In an AP-NORC poll taken in mid-June, fewer than half of white respondents -- 39% -- believe that police violence against the public is either an extreme or very serious problem, compared with 80% of Black respondents.
Those numbers did show a shrinking of the gulf between the way white and Black Americans view the issue. The same poll was taken in the early stages of the Black Lives Matter movement in 2015, and then only 19% of white people said police violence was an extreme or serious problem, compared with 73% of Black people.
"It created this opening for white people," Battalora said of Floyd's killing. "But that's different from saying we 'get it.' That will be more of a process."
It remains to be seen whether the spectacle in recent days of white people locking hands to protect Black demonstrators from riot police, or taking part in the toppling of monuments to Confederate soldiers and slaveholders, represents a turning point.
"You have those historic moments where the nation can go one way or the other way," said Clayborne Carson, a civil rights scholar at Stanford University.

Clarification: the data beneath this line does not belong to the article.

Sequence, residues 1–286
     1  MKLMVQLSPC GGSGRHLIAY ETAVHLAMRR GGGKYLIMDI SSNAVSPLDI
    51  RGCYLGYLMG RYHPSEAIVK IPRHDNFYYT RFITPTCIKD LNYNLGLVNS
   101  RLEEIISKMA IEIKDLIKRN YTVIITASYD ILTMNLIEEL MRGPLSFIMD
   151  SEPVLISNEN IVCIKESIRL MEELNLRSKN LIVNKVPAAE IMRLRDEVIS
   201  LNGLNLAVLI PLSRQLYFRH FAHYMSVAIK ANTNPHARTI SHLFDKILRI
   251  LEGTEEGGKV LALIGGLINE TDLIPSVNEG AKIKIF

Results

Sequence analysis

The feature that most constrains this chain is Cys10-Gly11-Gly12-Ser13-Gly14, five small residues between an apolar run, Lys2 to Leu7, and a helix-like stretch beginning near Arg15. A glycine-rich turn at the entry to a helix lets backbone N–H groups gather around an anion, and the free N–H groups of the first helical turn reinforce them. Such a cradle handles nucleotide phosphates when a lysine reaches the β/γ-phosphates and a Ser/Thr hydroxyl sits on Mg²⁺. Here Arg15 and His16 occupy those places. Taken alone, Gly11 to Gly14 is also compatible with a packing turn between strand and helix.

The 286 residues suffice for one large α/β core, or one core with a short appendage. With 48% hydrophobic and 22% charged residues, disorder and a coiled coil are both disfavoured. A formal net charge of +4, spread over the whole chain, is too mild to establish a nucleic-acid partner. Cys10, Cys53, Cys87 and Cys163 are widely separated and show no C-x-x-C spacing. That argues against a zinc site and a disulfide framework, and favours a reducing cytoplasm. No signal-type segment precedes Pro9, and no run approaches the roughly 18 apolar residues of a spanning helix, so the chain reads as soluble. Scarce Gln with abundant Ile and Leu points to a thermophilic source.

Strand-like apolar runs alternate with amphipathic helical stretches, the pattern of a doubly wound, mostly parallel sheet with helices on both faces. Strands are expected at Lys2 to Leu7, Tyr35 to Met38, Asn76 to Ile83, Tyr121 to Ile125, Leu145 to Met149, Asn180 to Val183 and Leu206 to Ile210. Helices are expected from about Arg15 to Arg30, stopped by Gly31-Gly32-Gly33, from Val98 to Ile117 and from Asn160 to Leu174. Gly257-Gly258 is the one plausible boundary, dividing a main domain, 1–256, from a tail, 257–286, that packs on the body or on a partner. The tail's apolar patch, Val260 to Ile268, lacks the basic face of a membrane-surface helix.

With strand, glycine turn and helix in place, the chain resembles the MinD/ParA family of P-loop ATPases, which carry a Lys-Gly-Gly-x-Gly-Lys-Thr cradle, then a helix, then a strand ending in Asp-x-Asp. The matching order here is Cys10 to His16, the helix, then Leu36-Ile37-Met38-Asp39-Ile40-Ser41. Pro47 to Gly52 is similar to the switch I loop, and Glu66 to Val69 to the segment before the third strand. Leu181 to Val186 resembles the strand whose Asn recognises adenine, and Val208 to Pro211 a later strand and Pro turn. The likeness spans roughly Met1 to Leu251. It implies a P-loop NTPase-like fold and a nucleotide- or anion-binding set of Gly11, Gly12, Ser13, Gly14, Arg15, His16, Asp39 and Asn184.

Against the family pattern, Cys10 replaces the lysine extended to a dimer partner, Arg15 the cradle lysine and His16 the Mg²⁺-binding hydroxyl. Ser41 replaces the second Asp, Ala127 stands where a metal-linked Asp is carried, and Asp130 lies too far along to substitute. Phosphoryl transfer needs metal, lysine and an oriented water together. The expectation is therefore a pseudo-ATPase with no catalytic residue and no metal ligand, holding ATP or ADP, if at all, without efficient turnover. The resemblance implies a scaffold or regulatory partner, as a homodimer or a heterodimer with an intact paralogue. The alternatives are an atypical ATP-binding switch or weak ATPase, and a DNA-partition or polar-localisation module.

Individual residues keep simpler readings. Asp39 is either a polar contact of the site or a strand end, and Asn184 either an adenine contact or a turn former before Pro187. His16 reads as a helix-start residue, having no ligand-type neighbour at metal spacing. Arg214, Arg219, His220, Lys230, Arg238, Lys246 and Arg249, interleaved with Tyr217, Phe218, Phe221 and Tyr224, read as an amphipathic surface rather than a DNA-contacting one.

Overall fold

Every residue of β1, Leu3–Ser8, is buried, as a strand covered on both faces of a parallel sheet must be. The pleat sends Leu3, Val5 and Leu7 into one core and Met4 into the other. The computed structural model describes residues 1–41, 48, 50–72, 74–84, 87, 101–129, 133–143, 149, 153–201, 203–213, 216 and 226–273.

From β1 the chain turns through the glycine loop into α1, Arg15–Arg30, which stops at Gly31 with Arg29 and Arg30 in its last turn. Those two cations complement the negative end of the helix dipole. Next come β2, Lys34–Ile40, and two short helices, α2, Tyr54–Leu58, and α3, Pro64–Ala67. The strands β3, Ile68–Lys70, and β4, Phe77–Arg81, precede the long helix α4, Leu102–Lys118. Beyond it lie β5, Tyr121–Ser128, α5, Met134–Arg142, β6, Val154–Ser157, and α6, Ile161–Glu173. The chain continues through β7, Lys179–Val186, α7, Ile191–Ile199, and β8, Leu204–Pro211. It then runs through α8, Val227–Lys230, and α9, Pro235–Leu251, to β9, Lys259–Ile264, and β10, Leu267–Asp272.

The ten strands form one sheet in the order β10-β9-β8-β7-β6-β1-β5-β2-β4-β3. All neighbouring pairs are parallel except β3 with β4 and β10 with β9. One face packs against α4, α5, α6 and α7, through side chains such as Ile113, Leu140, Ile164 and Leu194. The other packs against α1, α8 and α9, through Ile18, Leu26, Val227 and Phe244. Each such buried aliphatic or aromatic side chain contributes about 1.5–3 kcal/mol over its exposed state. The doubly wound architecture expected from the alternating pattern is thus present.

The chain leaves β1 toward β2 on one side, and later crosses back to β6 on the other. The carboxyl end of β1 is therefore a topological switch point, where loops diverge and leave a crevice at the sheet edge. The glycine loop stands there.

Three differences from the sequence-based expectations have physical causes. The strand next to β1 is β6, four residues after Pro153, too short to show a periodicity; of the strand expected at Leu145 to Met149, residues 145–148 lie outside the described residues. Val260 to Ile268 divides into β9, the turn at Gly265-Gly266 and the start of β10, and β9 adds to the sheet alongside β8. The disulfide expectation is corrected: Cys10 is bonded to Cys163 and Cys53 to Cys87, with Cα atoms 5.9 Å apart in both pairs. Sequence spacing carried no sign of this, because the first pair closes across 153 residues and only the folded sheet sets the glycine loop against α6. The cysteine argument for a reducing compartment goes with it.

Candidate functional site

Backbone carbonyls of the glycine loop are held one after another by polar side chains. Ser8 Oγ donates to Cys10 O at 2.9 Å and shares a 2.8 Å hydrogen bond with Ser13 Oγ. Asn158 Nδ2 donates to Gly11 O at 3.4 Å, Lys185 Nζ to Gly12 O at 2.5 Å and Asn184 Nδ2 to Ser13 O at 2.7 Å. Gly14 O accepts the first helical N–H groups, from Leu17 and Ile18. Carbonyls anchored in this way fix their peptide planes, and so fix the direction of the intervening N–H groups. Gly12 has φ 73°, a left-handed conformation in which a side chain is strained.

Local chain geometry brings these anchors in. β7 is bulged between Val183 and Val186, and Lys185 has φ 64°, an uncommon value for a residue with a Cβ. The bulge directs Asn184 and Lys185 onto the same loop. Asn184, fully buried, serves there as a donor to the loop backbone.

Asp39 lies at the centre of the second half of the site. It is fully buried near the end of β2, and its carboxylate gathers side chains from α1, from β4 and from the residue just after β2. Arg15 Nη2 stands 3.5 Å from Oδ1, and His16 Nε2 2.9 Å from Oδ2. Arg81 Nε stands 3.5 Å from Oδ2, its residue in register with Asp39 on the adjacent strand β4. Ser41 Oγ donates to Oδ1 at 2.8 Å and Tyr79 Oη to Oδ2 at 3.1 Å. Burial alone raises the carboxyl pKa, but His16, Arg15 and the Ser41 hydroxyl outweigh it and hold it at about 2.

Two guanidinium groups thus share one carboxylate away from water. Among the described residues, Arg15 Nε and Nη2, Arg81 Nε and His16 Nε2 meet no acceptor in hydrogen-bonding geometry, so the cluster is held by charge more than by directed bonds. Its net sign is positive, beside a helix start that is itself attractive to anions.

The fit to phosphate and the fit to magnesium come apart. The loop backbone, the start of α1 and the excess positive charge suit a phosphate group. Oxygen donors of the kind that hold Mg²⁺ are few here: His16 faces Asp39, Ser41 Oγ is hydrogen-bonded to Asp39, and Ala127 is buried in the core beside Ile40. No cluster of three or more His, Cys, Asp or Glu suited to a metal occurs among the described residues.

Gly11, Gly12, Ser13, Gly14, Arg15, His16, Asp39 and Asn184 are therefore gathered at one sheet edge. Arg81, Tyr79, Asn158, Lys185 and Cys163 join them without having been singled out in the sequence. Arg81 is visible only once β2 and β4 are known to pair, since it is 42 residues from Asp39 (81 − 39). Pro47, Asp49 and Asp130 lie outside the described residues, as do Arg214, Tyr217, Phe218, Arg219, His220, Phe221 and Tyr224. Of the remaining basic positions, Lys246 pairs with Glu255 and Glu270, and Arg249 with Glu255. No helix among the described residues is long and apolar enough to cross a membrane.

"But you just have to wonder -- why did it take so long?" said Carson, the founding director of the Martin Luther King Jr. Research and Education Institute and senior adviser on "Eyes on the Prize," the public television series on the civil rights movement. "It's not as if George Floyd was the first Black man to be killed by the police."
Carson was a student activist in the 1960s in Watts, then a heavily Black community. He saw firsthand how unrest over police brutality resulted in a backlash from anxious white people, many of whom flocked to "law and order" politicians like Ronald Reagan and Richard Nixon who promised to crack down on demonstrators.
"You want to hope that it's going to go in a more positive, progressive direction, but there's also a strong element in American history of riding the wave of the resentment toward people pushing for change," Carson said.
"That's always the political choice. Do you vote out of fear fueled by racism or do you vote out of hope that things will get better? But fear is powerful."
As a father raising two young boys in Dallas, a city with its own history of racial tension and fatal police violence, Ashmore, 38, said he's focused on making sure his sons don't grow up with a fear or suspicion of Black people.